Letter at Length

Check the facts on snowfall claim

Before you accept Mt. Ashland managers' claims of the worst snow year in 20 years, check the facts on their website about this season's snowfall.

The mountain received 302 inches of snow within the limited recording period of November to the closing day of operations in April. The recently released city of Ashland annual water quality report for 2011 states that, "The average snowfall on Mt. Ashland is 263 inches. This is based on records kept by Mt. Ashland since 1983."

Management complained about the lack of snowfall in December and January and numerous closures due to high winds and electrical failures.

Guess what? Almost every year since I first skied the mountain in 1974, the mountain has suffered through a lack of snowfall in December and January and has had numerous closures due to high winds and electrical failures. That is why it is imperative to have a rainy-day fund for the years when the mountain fails to make a profit. Failure to do so is reckless.

Since Kim Clark took over as general manager a few years back, management raised the season pass prices, reduced the mountain to a five-days-a-week operation and spent all of the already established and hard-earned $2 million-plus rainy-day fund in pursuit of an expansion. The attitude has become expand or kill the hill in the process. Now that appears to be what is happening.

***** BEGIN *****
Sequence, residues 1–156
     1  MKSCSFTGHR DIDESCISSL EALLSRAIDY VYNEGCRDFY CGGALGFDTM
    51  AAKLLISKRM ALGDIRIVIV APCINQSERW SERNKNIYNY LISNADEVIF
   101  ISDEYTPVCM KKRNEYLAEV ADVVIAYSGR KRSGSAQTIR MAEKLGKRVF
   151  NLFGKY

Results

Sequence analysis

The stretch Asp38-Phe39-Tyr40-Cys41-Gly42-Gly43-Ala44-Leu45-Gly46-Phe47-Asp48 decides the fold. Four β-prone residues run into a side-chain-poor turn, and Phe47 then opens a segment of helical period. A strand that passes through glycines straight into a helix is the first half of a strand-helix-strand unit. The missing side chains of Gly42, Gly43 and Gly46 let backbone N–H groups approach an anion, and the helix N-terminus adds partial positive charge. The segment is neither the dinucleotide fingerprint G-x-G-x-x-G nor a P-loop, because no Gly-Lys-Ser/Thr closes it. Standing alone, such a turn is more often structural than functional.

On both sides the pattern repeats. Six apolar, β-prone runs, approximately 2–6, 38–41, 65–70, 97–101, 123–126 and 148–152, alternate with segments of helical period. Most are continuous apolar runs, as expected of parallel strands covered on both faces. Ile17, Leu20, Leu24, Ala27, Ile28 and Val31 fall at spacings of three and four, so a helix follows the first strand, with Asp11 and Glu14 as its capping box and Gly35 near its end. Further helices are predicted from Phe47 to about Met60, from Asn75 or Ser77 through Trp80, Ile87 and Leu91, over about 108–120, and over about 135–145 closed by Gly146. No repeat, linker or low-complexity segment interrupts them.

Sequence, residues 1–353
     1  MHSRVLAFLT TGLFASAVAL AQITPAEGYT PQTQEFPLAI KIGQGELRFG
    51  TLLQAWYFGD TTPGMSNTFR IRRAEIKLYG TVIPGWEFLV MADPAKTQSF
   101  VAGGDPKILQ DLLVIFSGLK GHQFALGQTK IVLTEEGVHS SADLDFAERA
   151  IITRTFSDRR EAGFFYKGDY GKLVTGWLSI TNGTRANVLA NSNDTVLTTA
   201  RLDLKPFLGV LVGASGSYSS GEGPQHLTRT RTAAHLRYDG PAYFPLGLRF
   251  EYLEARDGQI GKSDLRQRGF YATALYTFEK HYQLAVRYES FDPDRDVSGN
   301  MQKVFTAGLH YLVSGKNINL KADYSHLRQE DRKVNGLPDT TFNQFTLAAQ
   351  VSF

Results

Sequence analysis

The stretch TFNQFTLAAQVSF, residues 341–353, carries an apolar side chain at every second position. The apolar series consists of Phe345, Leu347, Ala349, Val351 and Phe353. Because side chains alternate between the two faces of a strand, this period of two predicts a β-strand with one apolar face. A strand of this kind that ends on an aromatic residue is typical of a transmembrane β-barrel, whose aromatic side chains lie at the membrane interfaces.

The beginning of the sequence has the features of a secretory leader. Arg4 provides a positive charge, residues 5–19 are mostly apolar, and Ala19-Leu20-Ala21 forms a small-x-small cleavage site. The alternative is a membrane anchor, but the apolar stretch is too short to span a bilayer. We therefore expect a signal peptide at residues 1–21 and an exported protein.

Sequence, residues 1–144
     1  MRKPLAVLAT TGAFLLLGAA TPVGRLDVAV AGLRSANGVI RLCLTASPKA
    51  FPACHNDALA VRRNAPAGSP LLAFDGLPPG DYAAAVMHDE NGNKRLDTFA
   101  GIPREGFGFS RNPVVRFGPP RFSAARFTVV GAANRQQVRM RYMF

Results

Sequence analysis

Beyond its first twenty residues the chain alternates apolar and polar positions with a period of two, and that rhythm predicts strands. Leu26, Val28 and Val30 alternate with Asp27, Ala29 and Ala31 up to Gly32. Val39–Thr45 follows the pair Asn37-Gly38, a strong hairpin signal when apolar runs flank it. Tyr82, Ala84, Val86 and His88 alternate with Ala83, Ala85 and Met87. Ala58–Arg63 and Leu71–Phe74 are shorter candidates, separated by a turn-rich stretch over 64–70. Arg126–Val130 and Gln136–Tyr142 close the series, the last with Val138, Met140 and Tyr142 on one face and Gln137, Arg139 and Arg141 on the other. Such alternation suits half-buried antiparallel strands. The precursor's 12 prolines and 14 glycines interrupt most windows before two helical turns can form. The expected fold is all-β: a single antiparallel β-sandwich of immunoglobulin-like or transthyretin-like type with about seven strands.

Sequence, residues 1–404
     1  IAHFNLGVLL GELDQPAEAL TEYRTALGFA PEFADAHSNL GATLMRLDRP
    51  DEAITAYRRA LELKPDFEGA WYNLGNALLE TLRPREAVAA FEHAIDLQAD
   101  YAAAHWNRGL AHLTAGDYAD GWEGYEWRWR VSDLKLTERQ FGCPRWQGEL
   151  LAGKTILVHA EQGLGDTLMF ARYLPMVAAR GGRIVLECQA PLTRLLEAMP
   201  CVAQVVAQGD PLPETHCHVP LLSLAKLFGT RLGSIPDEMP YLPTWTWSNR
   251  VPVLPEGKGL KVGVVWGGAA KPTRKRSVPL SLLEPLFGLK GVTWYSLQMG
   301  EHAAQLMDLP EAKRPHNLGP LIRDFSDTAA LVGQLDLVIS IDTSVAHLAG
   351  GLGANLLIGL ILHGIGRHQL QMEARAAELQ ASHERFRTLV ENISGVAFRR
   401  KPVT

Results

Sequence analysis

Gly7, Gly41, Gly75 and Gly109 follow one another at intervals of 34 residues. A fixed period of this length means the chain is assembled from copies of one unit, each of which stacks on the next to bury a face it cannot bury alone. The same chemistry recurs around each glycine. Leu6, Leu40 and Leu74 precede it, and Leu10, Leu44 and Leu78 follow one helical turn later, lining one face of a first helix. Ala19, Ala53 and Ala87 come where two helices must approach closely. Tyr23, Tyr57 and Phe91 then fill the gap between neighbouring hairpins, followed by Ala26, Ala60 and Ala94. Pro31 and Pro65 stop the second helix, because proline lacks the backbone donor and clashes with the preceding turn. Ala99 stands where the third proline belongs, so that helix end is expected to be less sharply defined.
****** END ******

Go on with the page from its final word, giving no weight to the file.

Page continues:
Many folks have decided not to buy a season pass for a part-time operation, further damaging the bottom line. They will blow off work and come up on a powder day and buy a day pass, if the mountain happens to be open.

The skiing on the mountain was glorious in February and March. I would go up on a Thursday powder day at 9 a.m. when management finally decided to reopen the hill and be forced to park in the back parking lot because the crowd was so large.

Mt. Shasta Ski Park, which suffered through a much harsher December and January than we did, had the wisdom to operate seven days a week when they were finally able to open. Clark is considered a hero down there as the cash registers take in Oregonian dollars on Tuesdays and Wednesdays.

Wistfully gazing up at our mountain, covered with fresh powder on the closure days, is more painful than looking at a pretty woman that you cannot kiss. When Mt. A management decided to shut down operations in April, there was an 80-inch to 150-inch snow pack and a large crowd of bemused skiers and riders asking this question: "What is up with Mt. A management?"

Pete Toogood


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